At the Boao Forum event in April, Xi sent a clear signal: China will continue to open up its economy and promote globalization with pledges to expand market access and improve the business environment for foreign investors. He also pledged to promote import growth. This gave firm support to globalization amid the protectionist wave that has swept the world.
This theme was reinforced at the inaugural CIIE in November. Much more than a trade fair, the CIIE served as a landmark in the evolution of China’s development and its economic interaction with the rest of the world. Once renowned as the "factory of the world" for its role as an export powerhouse, today it is China’s consumer market and imports that serve as an engine for global growth. As Xi said in his opening speech, over the next 15 years, China is set to import $30 trillion worth of goods and $10 trillion in services.
In June, the coastal city of Qingdao played host to the 2018 SCO Summit. Formed 17 years ago with regional security objectives in mind, the agenda of the SCO has broadened to include other areas of cooperation such as the economy and the environment. This year’s summit was significant as India and Pakistan attended in as new full members. The eight-member SCO now accounts for nearly half of the world’s population and over a fifth of the global GDP.
These events reflect China’s efforts to build platforms and engage a broad range of partners across the world.
Chinese tourists take a group photo before leaving the Typhoon-struck Saipan on October 28 by charted flight offered by Chinese Government (XINHUA)
China and the U.S. are the world’s most significant economic and political actors. In 2018, the twists and turns in their relations have formed the central storyline, not just of China’s external relations, but of global affairs at large. As the trade dispute intensified, the goal of stabilizing the relations with the U.S. has been a key objective for Chinese diplomacy.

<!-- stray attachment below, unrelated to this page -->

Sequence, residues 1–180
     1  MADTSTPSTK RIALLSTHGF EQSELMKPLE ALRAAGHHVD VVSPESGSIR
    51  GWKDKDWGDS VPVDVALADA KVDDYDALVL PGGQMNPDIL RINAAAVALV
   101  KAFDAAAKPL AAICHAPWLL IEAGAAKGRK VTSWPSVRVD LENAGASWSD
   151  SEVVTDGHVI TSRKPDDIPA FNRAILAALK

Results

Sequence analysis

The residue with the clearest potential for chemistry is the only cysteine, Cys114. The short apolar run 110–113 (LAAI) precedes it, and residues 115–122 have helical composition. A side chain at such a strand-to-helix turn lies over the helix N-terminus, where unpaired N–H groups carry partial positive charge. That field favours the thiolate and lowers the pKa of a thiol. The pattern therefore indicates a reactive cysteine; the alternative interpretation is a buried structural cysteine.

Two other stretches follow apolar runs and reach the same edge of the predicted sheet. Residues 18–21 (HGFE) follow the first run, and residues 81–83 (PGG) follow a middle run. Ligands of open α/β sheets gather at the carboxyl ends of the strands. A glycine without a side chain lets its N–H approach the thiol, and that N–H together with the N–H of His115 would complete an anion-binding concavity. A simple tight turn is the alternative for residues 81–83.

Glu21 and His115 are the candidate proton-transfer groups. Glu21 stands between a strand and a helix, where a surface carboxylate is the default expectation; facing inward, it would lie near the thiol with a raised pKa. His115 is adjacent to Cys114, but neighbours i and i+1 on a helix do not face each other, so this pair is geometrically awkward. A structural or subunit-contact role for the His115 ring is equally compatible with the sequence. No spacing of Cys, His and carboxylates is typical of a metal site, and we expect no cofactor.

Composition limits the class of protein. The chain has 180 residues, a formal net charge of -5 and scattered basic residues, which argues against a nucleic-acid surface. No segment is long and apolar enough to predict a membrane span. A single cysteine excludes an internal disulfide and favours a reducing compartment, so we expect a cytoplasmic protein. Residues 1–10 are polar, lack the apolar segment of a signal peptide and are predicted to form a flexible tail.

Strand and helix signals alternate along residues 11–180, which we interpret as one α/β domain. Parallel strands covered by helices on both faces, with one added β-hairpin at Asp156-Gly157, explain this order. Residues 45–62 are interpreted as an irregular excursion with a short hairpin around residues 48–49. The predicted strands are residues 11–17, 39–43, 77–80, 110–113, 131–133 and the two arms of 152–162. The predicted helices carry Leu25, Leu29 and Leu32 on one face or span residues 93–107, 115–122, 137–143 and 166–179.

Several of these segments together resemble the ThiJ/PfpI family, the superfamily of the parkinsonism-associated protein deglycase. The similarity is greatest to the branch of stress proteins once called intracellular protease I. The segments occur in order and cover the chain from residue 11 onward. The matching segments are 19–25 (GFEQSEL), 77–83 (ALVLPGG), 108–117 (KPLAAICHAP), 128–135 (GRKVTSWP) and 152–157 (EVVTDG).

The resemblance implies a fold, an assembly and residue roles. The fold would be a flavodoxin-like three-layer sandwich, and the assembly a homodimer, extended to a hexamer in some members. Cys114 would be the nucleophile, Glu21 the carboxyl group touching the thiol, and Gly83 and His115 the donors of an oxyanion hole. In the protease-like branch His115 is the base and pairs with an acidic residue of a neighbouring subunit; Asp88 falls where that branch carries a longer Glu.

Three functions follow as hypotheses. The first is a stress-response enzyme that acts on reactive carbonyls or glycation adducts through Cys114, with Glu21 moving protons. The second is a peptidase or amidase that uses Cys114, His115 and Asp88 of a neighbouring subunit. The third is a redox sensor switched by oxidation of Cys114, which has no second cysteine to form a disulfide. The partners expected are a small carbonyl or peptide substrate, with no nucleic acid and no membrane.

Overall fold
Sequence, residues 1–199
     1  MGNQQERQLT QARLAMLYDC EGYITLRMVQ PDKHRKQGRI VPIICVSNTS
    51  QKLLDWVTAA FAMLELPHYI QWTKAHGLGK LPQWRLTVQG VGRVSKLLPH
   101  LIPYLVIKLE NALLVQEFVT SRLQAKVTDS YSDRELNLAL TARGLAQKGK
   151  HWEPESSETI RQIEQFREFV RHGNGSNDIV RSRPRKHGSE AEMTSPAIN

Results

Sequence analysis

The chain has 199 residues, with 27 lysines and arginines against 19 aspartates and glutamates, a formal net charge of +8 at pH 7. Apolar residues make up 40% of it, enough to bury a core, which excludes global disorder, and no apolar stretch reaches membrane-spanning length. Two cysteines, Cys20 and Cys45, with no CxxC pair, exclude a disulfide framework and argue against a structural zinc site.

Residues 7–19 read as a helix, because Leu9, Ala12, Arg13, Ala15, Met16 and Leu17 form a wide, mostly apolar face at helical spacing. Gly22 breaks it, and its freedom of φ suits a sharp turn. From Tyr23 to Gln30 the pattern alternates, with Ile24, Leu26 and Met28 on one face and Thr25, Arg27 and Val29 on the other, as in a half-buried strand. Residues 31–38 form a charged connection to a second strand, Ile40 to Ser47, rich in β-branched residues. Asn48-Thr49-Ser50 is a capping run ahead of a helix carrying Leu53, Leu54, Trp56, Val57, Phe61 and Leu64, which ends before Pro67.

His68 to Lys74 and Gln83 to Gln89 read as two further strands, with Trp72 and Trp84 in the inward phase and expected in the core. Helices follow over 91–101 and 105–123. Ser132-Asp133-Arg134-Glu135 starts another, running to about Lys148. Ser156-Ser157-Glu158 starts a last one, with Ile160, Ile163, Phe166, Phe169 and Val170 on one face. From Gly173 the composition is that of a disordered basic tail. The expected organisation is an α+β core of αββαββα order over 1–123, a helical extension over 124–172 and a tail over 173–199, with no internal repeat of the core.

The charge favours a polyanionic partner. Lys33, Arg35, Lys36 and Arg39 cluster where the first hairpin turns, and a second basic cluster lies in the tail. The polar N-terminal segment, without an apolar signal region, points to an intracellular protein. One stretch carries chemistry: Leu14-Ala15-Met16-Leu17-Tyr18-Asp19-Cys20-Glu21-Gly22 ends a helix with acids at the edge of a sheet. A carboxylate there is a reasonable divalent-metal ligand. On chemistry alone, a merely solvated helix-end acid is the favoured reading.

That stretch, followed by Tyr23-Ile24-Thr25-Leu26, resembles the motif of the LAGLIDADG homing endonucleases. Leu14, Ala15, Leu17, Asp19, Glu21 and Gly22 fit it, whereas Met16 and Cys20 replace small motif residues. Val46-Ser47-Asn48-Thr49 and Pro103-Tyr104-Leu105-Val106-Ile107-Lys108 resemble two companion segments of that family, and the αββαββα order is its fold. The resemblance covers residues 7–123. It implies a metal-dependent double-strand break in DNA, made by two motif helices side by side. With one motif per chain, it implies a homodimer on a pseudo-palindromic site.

The meeting between the two presidents following the G20 Summit averted further escalation of tariffs and brought both sides back to the negotiating table. But despite this reprieve, it is clear that a fundamental shift has occurred in the relationship. A bipartisan view of China as an antagonist and biggest strategic competitor has coalesced in Washington. The U.S. approach of engagement in previous years is gradually being replaced by a mindset of containment.
In this regard, it was encouraging that the second annual U.S.-China Diplomatic and Security Dialogue was held in Beijing in November. This gave top diplomats and military officials from both sides a chance to talk and share perspectives of contentious issues.
Despite frictions, the two countries still have enormous potential synergies to exploit through closer cooperation, particularly with respect to transnational challenges such as climate change. China’s participation in California’s Global Climate Action Summit in September showed that there are many channels for the two to work together. Deepening cooperation at the local level may offer an effective way to do this.
Breakthroughs with neighbors
Efforts to strengthen relations in the region to create a benign environment for the growth of economic and cultural links within Asia have contributed to breakthroughs with three fellow nations over the year.